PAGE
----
On Monday we landed in La Gomera, the island we are calling home for the next two weeks whoop whoop (Gee pictured to the left there dishing out beers aboard the ferry from Tenerife).
After checking into our epic 8th floor apartment overlooking San Sebastian’s harbour, we were shortly reunited with Mrs Nelson, standing out brilliantly in her bright Codestone green.
Seeing all the little row boats lined up along the harbour wall is more than surreal. We are tucked away at the back of the fleet next to the only other all female crew, Yorkshire Rows. The boats are behind a locked fence that rowers and their families can access, the tourists arriving on the ferry every day relentlessly peek through the meshed wire pointing and taking photos.
It is now day 6 and we have packed, unpacked and packed our boat several times, distributing weight evenly throughout to maintain stability on the water.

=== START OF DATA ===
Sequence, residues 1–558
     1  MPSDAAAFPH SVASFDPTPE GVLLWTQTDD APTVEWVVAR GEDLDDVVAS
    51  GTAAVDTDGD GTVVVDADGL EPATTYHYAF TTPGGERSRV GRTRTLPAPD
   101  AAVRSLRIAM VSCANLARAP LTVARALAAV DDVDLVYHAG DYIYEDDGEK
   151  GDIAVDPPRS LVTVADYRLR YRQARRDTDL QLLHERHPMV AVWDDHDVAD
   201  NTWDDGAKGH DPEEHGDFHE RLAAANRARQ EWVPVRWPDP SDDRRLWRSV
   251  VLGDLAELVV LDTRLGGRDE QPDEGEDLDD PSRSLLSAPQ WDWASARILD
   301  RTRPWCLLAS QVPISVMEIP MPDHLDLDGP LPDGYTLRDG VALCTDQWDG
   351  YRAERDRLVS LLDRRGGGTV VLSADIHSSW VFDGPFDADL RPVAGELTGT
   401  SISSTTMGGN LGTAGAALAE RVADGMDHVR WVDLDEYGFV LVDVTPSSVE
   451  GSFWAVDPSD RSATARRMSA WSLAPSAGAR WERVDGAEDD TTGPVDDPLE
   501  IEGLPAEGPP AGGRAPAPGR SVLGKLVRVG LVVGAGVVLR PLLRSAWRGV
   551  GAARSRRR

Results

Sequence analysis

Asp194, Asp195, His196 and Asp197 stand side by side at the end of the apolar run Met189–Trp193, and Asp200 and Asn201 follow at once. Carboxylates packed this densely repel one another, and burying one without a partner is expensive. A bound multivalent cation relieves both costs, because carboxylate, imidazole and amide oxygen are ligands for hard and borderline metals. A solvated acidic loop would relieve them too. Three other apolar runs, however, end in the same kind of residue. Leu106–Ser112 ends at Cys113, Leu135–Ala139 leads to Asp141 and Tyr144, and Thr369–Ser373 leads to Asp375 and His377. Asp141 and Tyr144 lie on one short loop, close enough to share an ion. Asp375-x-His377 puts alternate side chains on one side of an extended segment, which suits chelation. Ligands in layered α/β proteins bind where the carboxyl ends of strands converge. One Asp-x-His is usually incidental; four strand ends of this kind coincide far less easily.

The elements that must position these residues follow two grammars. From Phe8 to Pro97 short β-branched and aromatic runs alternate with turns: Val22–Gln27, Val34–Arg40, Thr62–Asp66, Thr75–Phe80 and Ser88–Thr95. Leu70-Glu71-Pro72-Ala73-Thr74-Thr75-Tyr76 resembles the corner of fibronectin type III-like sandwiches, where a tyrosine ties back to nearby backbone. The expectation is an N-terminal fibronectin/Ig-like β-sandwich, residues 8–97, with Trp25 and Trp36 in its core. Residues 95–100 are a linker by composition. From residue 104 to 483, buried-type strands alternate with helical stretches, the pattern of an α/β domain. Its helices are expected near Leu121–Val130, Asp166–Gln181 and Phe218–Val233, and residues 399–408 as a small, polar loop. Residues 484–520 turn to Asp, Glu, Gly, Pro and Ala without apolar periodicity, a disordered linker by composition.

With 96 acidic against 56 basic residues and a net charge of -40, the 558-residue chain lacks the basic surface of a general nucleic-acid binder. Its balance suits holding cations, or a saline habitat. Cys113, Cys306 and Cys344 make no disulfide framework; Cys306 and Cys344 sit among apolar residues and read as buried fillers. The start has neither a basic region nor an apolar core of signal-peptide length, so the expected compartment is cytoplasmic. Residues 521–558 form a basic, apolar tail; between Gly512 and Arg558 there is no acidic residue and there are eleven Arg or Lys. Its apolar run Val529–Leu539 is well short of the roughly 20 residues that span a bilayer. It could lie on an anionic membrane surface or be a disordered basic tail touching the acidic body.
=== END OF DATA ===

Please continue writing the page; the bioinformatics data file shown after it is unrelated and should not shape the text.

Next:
We have organised food rations, making sure there is enough calories for the entirety of the expedition. We have been assessed with a fine tooth comb and have eventually passed our scruitineering test with the race officials, leaving our boat in ship shape before we head out on the water on Monday.
We have shared a few stories over a rum or two with other teams in Manolo’s infamous Blue Marlin bar most evenings. However hungover (or not) each team are, they instinctively see the importance of preparation prior to launch day and are found religiously tinkering on their vessels in the morning however fragile their state of mind.
The range of differing motivations for the row is interesting, with the more competitive athletes stripping their boats of any luxuries and excess weight to gain faster crossings… to the more ‘spiritual’ incentives we have heard along the way. The crew that sticks out most to me in terms of motivation are the Row2Recovery boys, 4 army amputees who are rowing with missing limbs in order to achieve something extraordinary beyond their injuries (I certainly will be thinking of these guys when ‘suffering’ from a spot of back pain during our crossing).
We will keep you updated after we get on the water, more regular updates can be found on our social media pages: